Writing a good application is an interpersonal art form. One should shine but not show off; appear modest but confident; praise the job as a dream job without slipping – not to mention the perfect application photo. If it is really about the dream job, the pressure to shine with the documents is immense. Too often, however, the basics already fail, as a survey shows. The result: the application immediately ends up in the trash.
Applications are scanned
The US job exchange Careerbuilder wanted to know what mistakes those responsible immediately lead to the sorting out of an application. In the summer of 2018, the Harris Poll polling institute surveyed more than 1,100 recruitment experts nationwide, such as hiring managers. The result should not be a consolation for future applicants. Because 23 percent of the respondents stated that they spent less than 30 seconds on each application.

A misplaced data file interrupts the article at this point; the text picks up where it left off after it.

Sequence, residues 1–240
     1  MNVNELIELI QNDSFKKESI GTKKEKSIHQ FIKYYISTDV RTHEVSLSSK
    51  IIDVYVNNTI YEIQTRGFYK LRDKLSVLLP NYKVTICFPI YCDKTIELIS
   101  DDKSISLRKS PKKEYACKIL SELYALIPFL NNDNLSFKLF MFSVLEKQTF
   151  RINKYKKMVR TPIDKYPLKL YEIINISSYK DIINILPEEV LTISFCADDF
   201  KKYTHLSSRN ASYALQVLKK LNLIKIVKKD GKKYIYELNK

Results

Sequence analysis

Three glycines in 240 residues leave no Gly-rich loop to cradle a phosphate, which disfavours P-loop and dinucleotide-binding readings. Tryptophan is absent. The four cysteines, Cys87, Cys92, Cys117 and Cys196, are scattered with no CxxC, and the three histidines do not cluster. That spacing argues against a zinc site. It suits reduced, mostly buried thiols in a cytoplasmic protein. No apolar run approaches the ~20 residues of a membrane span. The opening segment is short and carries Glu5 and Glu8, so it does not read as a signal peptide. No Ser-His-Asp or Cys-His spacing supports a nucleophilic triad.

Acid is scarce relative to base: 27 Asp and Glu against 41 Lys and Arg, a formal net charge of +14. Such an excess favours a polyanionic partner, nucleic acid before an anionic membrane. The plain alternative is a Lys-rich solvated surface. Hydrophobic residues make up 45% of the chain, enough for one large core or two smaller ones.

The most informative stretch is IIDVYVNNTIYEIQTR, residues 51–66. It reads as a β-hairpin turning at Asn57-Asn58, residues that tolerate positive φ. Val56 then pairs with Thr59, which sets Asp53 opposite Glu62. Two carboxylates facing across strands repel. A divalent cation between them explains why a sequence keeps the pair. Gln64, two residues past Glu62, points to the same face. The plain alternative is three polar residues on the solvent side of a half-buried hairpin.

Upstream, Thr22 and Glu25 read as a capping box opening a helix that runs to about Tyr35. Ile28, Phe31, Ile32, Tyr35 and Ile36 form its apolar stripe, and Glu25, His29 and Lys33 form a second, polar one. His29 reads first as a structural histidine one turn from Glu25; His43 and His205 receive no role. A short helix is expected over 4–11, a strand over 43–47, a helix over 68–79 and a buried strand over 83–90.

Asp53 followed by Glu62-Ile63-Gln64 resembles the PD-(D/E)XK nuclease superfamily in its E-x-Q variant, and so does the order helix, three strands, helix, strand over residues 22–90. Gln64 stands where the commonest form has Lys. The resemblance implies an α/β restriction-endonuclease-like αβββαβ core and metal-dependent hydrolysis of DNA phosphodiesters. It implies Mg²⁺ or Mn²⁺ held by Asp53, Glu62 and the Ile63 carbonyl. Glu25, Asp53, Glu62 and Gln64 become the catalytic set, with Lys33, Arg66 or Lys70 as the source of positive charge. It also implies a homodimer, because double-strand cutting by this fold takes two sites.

Either this short period of time is enough for the experts to get a first impression of the candidates. Or the application contains such obvious mistakes that it is not worthwhile for the decision-makers to continue reading. Because their time is precious. In addition, most are hardly willing to give a second chance. HR managers simply have to put up with too many demands. The survey also showed that three out of four of the respondents have caught applicants lying. Some applications were simply outrageous – for example, those of the supermarket assistant who applied for a doctor’s job. Or the application that consisted of just one sentence.
The basics have to be right
But even top qualifications for the dream job will probably not help much if the shape is not right. According to the survey, these were the most common application errors that immediately led to the sorting out:
- Spelling and grammatical errors: 77 percent
- Unprofessional email address: 35 percent
- No tangible information: 34 percent
- Long paragraphs: 25 percent
- Formula application, not tailored to the company: 18 percent
- Longer than two pages: 17 percent
- No cover letter: 10 percent